The Gordon Law Firm will listen carefully to you and other witnesses in order to analyze the unique facts of your case.  Our job is to use our experience helping people accused of strangulation and domestic assault in Fairfax and other Northern Virginia courts to develop the best strategy to defend your case.

to present the best defense. Some of the following could be used to prevent a conviction. Other options could include using weaknesses in the Commonwealth Attorney’s case to reduce the charge  or reduce the punishment.


On a charge of strangulation, the Commonwealth Attorney is required to prove, beyond a reasonable doubt, each and every element of the charge required by Virginia law.  Carlos Wall and Alex Gordon can defend your strangulation charge by showing that there are inconsistencies in the evidence, a create doubt in the mind of the judge or jury.  Also The Gordon Law Firm could also attempt to show that the accused acted in self-defense, or with the consent of the alleged “victim”, or that the necessary restriction of blood or air flow did not take place.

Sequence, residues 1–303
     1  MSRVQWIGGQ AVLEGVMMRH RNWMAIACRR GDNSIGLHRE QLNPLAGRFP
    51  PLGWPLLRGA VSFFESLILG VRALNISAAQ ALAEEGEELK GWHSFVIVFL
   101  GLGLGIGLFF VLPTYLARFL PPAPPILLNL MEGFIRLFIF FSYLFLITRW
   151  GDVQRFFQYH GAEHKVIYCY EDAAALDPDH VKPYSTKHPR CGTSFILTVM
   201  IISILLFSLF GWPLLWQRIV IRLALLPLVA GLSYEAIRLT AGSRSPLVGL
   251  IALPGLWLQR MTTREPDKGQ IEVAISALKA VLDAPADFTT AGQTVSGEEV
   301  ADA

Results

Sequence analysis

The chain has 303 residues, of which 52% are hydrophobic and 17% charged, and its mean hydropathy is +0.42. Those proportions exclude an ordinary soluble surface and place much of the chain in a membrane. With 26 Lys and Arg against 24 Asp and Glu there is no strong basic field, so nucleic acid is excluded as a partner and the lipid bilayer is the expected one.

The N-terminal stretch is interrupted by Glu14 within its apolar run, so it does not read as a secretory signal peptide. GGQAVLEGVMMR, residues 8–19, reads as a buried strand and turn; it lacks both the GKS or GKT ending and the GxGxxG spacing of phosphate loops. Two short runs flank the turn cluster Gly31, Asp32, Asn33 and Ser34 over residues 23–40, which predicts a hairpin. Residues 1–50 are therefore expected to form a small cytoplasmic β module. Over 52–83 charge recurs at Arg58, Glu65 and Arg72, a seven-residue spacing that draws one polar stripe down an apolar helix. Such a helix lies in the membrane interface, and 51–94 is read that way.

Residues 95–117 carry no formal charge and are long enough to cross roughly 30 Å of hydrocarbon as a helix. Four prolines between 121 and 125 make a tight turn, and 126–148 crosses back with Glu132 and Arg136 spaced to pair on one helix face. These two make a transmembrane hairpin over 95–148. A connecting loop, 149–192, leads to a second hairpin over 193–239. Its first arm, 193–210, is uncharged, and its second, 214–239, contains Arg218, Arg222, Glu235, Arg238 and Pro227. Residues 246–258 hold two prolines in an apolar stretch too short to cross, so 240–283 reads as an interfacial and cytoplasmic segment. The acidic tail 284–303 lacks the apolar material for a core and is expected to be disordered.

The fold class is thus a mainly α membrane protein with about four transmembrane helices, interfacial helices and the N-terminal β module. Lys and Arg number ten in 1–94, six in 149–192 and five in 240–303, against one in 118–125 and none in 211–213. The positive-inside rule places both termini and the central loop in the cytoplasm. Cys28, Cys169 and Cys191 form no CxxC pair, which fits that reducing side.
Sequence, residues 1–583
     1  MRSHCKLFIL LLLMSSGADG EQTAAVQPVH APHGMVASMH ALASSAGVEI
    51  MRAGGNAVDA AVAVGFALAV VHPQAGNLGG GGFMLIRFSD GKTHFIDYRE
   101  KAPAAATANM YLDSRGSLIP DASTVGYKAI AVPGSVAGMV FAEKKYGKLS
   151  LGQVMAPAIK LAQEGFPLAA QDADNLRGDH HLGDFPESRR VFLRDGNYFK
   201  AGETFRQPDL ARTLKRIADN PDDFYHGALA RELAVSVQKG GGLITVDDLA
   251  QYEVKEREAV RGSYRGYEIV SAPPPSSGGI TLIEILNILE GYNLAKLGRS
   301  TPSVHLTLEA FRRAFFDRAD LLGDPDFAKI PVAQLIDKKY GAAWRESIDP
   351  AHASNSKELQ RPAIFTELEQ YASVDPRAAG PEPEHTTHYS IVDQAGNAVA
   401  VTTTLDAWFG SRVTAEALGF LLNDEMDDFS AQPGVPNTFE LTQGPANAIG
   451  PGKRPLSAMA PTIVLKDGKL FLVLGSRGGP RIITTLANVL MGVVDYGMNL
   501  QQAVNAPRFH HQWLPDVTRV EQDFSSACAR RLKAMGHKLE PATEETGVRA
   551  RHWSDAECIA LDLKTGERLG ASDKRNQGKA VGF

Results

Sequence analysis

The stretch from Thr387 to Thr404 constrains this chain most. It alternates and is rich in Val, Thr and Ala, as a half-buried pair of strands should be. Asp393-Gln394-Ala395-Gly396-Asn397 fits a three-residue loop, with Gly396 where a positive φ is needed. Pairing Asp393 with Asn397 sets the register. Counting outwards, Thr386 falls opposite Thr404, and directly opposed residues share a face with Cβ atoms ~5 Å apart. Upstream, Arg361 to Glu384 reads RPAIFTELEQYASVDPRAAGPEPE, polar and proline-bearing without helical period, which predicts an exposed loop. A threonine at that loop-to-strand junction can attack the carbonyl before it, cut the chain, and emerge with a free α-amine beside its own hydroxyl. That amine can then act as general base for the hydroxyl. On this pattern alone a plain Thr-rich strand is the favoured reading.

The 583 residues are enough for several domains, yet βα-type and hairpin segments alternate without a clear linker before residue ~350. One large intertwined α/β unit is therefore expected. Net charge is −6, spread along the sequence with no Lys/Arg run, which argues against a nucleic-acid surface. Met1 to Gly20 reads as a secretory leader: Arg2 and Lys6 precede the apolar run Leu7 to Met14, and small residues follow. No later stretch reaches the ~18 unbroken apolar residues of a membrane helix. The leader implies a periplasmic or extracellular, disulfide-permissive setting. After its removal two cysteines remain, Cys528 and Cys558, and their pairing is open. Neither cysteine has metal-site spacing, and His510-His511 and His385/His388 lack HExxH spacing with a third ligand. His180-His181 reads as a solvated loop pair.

Suppression of evidence is a tactic used by The Gordon Law Firm to attempt to exclude evidence which was wrongfully acquired by the police.  If Virginia law enforcement officers failed to follow the constitutional requirements for the collection of evidence, the evidence which was wrongfully obtained can be excluded from the trial. In some instances, this can result in the dismissal of your strangulation charge.

Many times the police may question a person accused of strangulation.  If a person was not properly given their constitutionally required Miranda warnings, any statements provided by the accused to the police could be excluded from evidence.

Consultation Today

Alex Gordon and Carlos Wall have over thirty years of experience representing clients in Northern Virginia. We are committed to providing experienced, caring and effective legal representation for people accused of strangulation in Virginia courts. We get people back on track so they can have a second chance.

If you are facing criminal charges such as domestic assault or strangulation in Northern Virginia, call The Gordon Law Firm, PC, now at 703-218-8416 or complete the form on this page for a free consultation to learn more about how we can help you try to achieve the best outcome.